If you own a cottage or plan on purchasing a cottage your insurance broker should be well versed in property and liability insurance that is specific to that market. While it might seem a cottage policy would mirror that of a primary homeowner’s policy, there are a few notable differences. For example, contents limits are usually lower than a primary residence because most people don’t keep valuables at their cottage.

Prior to insuring your cottage, your broker may try to gauge how much you value it.

For example, some cottage owners hire a property management company or caretakers to check and maintain the property.

“What insurance companies want to see is an owner who is thinking ahead, doesn’t want to have claims and takes steps to protect his assets,” she says.

Andrew Pettipas, broker at J.M & C.W Hope Grant Insurance agrees that proper care and maintenance is important for insurers when assessing an account.

“This affects rates, and even if the company will [insure] them,” he says. “The better shape the property is in (e.g. the roof is under 15 years old, floors are clean, yards are maintained, good quality construction), the easier it is to insure.”

Cottage Risks

According to experts, cottage claims typically include damage to property due to wind and fire, or liability due to slip and falls. Water damage is a risk for any property, but with cottages it is even more troublesome because the property is typically vacant for long periods of time.

“Things can happen when owners are absent,” says Leggett. “If you experience a really hard winter and you aren’t up at the cottage regularly, ice and snow can be a factor causing burst pipes and water damage.”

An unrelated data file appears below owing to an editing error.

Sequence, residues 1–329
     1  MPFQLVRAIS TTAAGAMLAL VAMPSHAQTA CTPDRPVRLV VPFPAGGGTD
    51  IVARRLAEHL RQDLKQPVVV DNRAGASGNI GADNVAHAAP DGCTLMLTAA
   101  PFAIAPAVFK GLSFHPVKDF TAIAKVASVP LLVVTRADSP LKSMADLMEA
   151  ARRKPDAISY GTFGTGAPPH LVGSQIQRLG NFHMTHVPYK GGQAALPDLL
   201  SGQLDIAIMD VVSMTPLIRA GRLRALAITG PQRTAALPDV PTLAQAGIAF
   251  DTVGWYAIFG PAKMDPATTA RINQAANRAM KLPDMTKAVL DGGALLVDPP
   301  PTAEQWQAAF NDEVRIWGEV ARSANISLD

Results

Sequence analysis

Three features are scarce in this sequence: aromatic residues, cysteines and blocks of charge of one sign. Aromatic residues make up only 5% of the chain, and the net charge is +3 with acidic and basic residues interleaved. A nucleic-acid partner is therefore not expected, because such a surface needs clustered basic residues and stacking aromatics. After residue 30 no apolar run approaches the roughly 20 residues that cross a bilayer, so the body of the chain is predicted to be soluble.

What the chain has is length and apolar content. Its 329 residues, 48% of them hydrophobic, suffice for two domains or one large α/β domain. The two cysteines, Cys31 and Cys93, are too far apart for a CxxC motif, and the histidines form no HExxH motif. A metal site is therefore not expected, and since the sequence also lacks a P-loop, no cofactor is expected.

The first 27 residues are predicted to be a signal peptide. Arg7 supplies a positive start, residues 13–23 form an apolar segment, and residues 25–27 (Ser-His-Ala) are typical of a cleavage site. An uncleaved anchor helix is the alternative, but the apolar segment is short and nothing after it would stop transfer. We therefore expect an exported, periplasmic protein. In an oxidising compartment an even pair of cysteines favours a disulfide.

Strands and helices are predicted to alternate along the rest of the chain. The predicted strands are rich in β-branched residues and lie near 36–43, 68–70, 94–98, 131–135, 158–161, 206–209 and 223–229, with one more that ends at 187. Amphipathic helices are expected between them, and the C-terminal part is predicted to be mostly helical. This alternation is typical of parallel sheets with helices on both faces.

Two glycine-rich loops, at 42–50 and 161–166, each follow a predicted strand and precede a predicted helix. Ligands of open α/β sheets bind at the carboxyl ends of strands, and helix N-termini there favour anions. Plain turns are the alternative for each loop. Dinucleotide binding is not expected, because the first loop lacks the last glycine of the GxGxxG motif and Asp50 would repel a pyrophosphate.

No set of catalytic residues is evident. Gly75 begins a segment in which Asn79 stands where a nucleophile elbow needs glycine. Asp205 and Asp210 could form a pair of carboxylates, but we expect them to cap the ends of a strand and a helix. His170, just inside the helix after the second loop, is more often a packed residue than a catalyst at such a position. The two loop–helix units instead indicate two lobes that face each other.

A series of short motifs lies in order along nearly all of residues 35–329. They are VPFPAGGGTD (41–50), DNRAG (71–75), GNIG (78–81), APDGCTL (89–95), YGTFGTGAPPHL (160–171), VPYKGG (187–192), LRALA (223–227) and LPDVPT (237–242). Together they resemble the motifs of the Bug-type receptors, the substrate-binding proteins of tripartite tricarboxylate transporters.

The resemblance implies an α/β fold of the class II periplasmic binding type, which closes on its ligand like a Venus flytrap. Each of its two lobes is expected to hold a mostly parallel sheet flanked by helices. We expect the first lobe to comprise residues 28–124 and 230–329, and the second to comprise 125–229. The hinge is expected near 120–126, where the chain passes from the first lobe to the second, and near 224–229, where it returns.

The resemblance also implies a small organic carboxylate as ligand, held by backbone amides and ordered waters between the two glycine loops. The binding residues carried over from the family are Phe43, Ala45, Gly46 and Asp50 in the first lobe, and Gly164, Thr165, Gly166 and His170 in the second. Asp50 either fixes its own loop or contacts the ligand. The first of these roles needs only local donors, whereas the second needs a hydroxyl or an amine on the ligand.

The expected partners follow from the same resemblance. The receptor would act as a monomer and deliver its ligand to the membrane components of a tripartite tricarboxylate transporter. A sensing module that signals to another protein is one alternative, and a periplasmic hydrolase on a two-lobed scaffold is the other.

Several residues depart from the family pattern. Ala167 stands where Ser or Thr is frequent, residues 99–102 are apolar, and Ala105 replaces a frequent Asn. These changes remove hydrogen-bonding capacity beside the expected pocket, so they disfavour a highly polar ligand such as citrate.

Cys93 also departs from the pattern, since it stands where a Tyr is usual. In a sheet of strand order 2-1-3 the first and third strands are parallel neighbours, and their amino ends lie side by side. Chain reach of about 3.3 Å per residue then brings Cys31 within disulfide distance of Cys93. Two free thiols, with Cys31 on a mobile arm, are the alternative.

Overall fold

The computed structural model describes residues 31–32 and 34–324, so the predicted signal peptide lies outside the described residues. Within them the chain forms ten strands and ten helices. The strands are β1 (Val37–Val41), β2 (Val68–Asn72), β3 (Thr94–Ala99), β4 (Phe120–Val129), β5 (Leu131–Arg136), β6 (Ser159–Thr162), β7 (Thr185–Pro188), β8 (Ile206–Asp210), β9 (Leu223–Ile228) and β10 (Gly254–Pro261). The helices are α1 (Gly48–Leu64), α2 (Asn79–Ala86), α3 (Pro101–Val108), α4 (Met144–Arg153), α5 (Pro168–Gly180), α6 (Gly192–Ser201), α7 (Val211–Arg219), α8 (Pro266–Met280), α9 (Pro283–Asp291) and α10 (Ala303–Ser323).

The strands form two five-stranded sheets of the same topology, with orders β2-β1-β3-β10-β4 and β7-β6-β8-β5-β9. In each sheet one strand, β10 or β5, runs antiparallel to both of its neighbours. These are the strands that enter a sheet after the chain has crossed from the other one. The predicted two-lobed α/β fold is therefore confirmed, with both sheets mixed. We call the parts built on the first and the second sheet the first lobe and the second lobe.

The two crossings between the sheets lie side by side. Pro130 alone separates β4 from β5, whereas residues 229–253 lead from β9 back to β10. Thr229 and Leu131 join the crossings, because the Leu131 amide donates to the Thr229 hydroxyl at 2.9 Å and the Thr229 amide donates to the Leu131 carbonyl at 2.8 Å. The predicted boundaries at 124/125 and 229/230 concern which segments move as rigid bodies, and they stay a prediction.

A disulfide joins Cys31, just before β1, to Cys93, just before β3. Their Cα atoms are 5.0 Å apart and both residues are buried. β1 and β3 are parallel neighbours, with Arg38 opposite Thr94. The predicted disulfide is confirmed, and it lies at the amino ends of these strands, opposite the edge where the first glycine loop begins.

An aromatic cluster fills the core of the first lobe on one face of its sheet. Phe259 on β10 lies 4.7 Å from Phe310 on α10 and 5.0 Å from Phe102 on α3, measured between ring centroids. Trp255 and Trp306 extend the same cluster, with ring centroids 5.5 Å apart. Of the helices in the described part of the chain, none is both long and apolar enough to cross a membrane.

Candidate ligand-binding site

She recommends having alarms installed so the property is monitored year round for fire, burglary and low temperature. If an emergency does occur, this will provide the earliest alert to the fire department or police and the greatest potential for minimizing a loss at the location.

Also, if you have a boat it is a separate liability that requires additional coverage.

“If [owners] have a canoe on the property and [renters] take it out, we’re not covering liability for that,” she says. “Brokers need to explain to their clients exactly what is included in one of these policies.”

Additionally, some cottages have wood-burning stoves, which are typically freestanding units that are used to heat the cottage, and this can also be a risk.

Christine Horuc-Lake, manager of personal lines, Totten Insurance Group says owners should ensure the stove is “ULC or CFA approved and that it’s installed to code.” If the wood-burning stove meets these requirements, the customer can get coverage for it.

Other common exclusions include wear and tear/deterioration of the building, moving and bulging of earth/property, loss or damage caused by birds/vermin/insects/rodents, water damage/continual seepage into the home and freezing.

“The more information you can provide to your broker, the better they can rate it for you with the best coverage,” adds Horuc-Lake.

This article was originally published on citopbroker.com.